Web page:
It’s hard to top the creativity of a Cirque du Soleil show. The acrobatics and feats of the human body alone are quick to desensitize audiences to anything less than extraordinary. Mix in the imagery, the technology and the showmanship and the biggest—and perhaps only—competitor Cirque du Soleil has is itself. Yet they continue to innovate, inspire and redefine, so it should be no surprise (yet it always is) that on the year of Cirque du Soleil’s 30th anniversary that the 35th production since 1984 would be among one of the most remarkable. KURIOS – Cabinet of curiosities roars into Toronto on Aug. 28 and the buzz around the show could alone fill a big top.
The interest has already been so strong the show extended its run before it even launched in the city, adding nine additional performances in Toronto through Oct. 26.
Kurios chases the essence of what Cirque du Soleil has always been about—discovery and the opening of our minds to new possibilities. Set against a timeframe of the 19th century, when innovation and discovery were everyday occurrences, we follow “the Seeker,” who is on a quest to discover a hidden world where the craziest ideas and biggest dreams are not only possible, but where they also come to life.
With a canvas that hefty and wide open, it makes sense that it’s led by an artist of Michel Laprise’s caliber and diverse talents. Laprise is both the writer and director of Kurios. While a Cirque veteran, this is his first foray in the director’s seat of a major Cirque production - but it's not by chance. From major stage shows to the Super Bowl halftime show, Laprise was also the main creative drive behind Madonna’s MDNA tour. His approach with Kurios is just as big and bold, but also with the introspection we’ve come to expect from Cirque du Soleil.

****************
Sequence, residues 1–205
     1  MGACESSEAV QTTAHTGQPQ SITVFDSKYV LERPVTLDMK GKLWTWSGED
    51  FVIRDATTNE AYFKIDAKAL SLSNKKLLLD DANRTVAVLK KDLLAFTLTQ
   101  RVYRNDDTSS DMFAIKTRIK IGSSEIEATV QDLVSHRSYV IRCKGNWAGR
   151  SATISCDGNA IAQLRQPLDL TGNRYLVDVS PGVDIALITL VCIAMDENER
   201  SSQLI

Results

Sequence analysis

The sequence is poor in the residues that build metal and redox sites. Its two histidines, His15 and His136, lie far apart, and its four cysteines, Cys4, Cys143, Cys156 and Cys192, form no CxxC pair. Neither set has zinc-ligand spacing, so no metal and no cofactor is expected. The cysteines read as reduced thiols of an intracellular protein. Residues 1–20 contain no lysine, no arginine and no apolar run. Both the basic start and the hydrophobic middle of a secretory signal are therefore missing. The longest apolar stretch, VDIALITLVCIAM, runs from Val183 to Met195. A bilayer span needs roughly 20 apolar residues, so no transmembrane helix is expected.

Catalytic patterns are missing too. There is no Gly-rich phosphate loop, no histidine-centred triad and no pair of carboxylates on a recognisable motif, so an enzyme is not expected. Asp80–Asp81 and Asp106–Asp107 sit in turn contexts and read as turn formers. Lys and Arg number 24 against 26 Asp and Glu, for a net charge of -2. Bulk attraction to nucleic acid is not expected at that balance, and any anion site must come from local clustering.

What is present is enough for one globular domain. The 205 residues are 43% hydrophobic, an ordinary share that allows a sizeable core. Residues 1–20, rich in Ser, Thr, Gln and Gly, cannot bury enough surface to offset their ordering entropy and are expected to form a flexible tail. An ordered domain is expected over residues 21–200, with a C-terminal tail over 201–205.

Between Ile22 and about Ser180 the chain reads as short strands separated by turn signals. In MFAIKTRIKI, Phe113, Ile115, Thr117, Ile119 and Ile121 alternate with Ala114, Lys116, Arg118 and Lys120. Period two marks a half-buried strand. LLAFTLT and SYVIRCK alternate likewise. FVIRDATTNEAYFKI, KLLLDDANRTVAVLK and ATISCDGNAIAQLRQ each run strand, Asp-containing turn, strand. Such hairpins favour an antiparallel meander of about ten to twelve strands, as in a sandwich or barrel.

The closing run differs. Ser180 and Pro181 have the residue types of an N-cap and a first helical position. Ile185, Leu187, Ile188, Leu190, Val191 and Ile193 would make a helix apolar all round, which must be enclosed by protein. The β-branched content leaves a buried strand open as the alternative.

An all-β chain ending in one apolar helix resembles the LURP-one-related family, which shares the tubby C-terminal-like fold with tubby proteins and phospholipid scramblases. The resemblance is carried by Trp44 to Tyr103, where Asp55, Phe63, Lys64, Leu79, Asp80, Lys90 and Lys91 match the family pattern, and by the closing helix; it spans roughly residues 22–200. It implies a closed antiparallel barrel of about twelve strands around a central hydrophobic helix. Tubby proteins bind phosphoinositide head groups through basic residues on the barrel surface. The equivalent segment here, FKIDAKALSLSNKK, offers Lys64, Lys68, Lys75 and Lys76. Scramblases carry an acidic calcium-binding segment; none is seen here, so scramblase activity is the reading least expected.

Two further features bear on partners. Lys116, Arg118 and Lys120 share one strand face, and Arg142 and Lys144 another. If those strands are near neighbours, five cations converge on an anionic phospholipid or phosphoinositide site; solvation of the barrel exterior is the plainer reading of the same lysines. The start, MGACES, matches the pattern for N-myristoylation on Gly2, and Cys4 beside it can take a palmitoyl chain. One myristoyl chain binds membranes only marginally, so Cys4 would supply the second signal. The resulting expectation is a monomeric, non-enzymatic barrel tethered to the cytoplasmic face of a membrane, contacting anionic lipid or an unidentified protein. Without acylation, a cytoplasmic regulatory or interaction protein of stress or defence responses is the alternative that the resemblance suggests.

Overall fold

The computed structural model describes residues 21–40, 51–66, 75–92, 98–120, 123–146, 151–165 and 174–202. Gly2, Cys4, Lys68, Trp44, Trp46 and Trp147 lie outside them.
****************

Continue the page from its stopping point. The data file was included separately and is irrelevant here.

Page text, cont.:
“We were born in the streets, a place where you have to catch the attention of people by doing something very unusual, surprising and captivating,” Laprise said in a recent interview given to AXS.com. “It had to be something generous so afterward the audience would feel generous in return. So we challenged ourselves.”
Laprise also noted that like many shows, the sensations and interactivity are all encompassing and go beyond just the stage. With musicians and characters performing literally on the big top during nicer days, it prepares the audience before they even hit the door of the unusual and unexpected places this show will take them. And as audience members enter the big Chapiteau, some of them will have the chance to walk on a bridge that is suspended above the stage.
Laprise understands the expectations that come with a Cirque show, but is also grounded in the wonderment that basic simplicity can evoke, and he uses it to his advantage in Kurios.
“We are playing with the fantastic and we all know that to create fantastic you need to first establish a credible environment so then you can play with some element of this environment. All magicians know that to make people believe in a trick you need to use objects of their everyday life, a cup, a hat, a chair because they know how these things are and behave. In Kurios, we established a credible reality and then we play with it with effects of proportions, points of view or gravity references. The enthusiastic reaction of the audience confirms that it was the right way to go.”
The show runs in Toronto’s Port Lands until October 26, 2014 before taking off to San Francisco this winter. Get your tickets here.